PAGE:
So much of what makes Limp Bizkit who they are is the imagery. The cartoonish music videos, Fred Durst's hyperbolic frat-boy swagger, and their album covers — which have always been as absurd and in-your-face as Bizkit themselves. The one for 1999's Significant Other is their most recognizable, featuring a hooded microphone assassin donning Fred Durst's notorious red Yankees cap and striking a mean pose. The drawing fully embraced the streetwear art style of the time, looking way more like an ad for a basketball clothing brand than a metal album — just one of many subversive moves the band built their legacy on.
On their first album cover, Slipknot look like a gang of escaped mental patients who showed up at your doorstep to wreak untold havoc. All of the violence, psychological instability and fuck-the-world energy of the band's early days is captured in this shot. Their masks are creepy as hell, and the fact that the image is just dark enough that it makes it hard to see details make them look even spookier. The way they're standing is menacing and viscerally confrontational — but the position of Chris Fehn's dicknose mask in Corey Taylor's crotch shows they have a mischievous sense of humor, as well. This is Slipknot.
What's more nu-metal than a snarling boxer who just wants to play ball (and maybe chomp your finger off in the process)? Snot's Get Some cover would've been memorable even if it wasn't tinged with the tragedy: Frontman Lynn Strait died a little over a year after the album's release in a car crash alongside his loyal pal, Dobbs, the doggie de resistance. On a nerdier level, the showcase of their canine mascot draws a direct comparison to Lou Dog, the Dalmation owned by the late Sublime singer Bradley Nowell — that band was clearly an influence on the reggae-inflected, Cali-punk-adjacent nu-metal that Snot excelled in.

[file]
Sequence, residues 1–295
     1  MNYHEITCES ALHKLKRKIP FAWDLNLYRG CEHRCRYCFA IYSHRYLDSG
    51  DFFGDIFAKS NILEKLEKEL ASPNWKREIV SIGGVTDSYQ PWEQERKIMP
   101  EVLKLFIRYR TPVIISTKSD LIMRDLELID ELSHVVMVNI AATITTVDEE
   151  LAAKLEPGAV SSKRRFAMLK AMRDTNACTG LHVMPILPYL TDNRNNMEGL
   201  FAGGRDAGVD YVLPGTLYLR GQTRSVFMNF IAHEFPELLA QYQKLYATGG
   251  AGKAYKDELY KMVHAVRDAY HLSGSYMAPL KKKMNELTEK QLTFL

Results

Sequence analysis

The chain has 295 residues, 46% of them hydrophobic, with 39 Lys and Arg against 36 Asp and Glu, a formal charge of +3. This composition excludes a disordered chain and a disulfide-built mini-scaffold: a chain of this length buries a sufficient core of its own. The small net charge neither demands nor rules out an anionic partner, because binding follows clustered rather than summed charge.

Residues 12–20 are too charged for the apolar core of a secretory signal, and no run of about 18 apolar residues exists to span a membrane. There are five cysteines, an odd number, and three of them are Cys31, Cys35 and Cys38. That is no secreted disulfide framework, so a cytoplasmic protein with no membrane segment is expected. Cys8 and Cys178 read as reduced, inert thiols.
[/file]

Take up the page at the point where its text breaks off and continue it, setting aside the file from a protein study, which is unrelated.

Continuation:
Static-X went all-in with their electric-current aesthetic. The band name, frontman Wayne Static's finger-in-a-socket hairdo, the electric jolt of their industrialized nu-metal — and the dude getting toasted with 11,000 volts on the cover of their essential debut, Wisconsin Death Trip. You can tell exactly what the music is going to sound like just by looking at that image, and once you actually hear frenzied bangers like "Push It" and "I'm With Stupid," there's no better visual representation than a man being zapped in the electric chair.
Every System of a Down album cover is a statement — the Hollywood perversion of Toxicity, the DIY instruction to pirate Steal This Album!, the eerie artiness of Mezmerize and Hypnotize. But the image on the face of their self-titled debut is such a succinct and bracing embodiment of their urgent, grab-you-by-the-throat musical approach. Being the political savants that they are, the outstretched hand originates from a World War II-era anti-fascist poster called "Five Fingers Have the Hand," designed by visual artist John Heartfield for the Communist Party of Germany. So many nu-metal bands went garish and over the top with their covers — the simplicity of this one makes it such a standout.